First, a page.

Left-handed Israeli students fight for their right to sit in comfort
Southpaw students demand adequate seating in college classrooms.
Every left-handed student knows the drill upon entering a classroom - a quick search for a left-handed desk and a desperate scramble to grab one. These efforts are often unsuccessful, leaving the student stuck with a right-handed chair in which he is forced to bend forward and arch to the right to reach the desk surface with his left hand.
A group of students from the College of Management Academic Studies has launched a campaign requesting the school's administration rectify the situation, under the slogan "left-handed people also deserve to sit in comfort."
Members of the group entered a few classrooms on the institution's Rishon Letzion campus last week and removed all the right-handed desks, leaving behind only those made to accommodate left-handed people.
They also wrote the following on the classroom blackboards: "How does it feel not having a place to sit?"
"We received favorable responses. The maintenance workers were a little angry about the mess, but altogether we won support," said Dotan Felzen, one of the group's leaders.
"Being left-handed never bothered me until I came to college," Felzen added. "Since becoming a student here, I usually can't find a suitable seat, and this has resulted in back pain. The greatest challenge comes during tests, because even if there is a suitable seat - it's too close to your neighbor's and you have to keep them apart. It's very frustrating."
Members of the group joined forces in a communications workshop offered at the college, where they were asked to find an example of social injustice and run a media campaign to draw attention to it. Students who had taken this course in the past became involved in groups like Let the Animals Live, the Or Yarok Association for Safer Driving and the Rape Crisis Center.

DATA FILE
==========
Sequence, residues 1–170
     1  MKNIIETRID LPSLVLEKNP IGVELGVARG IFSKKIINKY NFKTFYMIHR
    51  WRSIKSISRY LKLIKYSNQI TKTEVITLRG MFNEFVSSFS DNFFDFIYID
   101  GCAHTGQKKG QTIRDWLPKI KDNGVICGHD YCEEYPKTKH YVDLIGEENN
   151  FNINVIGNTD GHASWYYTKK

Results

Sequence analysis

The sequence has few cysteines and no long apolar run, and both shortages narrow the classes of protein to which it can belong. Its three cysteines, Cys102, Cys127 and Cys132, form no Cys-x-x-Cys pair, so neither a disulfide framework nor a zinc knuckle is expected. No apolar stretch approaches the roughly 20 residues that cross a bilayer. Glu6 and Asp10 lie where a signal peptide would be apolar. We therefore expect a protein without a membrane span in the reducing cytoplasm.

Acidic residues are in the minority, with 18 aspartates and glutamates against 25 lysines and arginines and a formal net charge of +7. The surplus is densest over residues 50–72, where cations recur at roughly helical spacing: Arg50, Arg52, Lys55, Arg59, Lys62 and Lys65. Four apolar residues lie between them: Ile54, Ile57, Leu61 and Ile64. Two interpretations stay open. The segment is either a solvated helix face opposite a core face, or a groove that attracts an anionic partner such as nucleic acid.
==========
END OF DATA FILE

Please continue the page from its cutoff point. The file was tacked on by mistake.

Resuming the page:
A number of students, including some right-handed ones, decided to focus on the inadequate seating situation. The college was surprised to find the students' criticism directed toward the management.
"It may have started as an exercise, but we're dealing with a real problem that bothers students," one college official said yesterday.
The protest against the shortage of left-handed desks began last year, when communications student Ayelet Reinman wrote to the school administration to complain about the left-handed seats being lined up along the wall on one side of the class.
From this position it is harder to see the lecturer or the screen, compared to seats in the middle, she complained.
"I find it difficult to write on the right-handed desk," Reinman wrote. "I deserve the same conditions as all the other students, even if I'm the only left-handed student inconvenienced by the situation."
The management responded that "the number of left-handed seats in the classrooms is in keeping with the standard."
As about 15 percent of the population is left-handed, the management's reply angered the students, who after counting the desks in 20 campus classrooms, found that only about five percent accommodate left-handed students. The group also wants to expand its activity to other academic institutions.
The College of Management Academic Studies responded: "Over the years numerous students have acted as part of the communication school's workshop for various associations. This time a group of students chose to raise the issue of left-handed chairs at Israeli colleges, including ours. As per required standards, 10 percent of the seats in each classroom are earmarked for left-handed people. However, we are pleased that students are raising concerns and acting to improve the situation."